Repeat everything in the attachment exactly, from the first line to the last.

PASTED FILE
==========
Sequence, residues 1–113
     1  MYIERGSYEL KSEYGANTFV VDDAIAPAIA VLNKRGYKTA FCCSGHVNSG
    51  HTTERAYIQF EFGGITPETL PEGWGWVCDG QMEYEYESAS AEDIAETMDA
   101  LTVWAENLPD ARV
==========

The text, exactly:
Sequence, residues 1–113
     1  MYIERGSYEL KSEYGANTFV VDDAIAPAIA VLNKRGYKTA FCCSGHVNSG
    51  HTTERAYIQF EFGGITPETL PEGWGWVCDG QMEYEYESAS AEDIAETMDA
   101  LTVWAENLPD ARV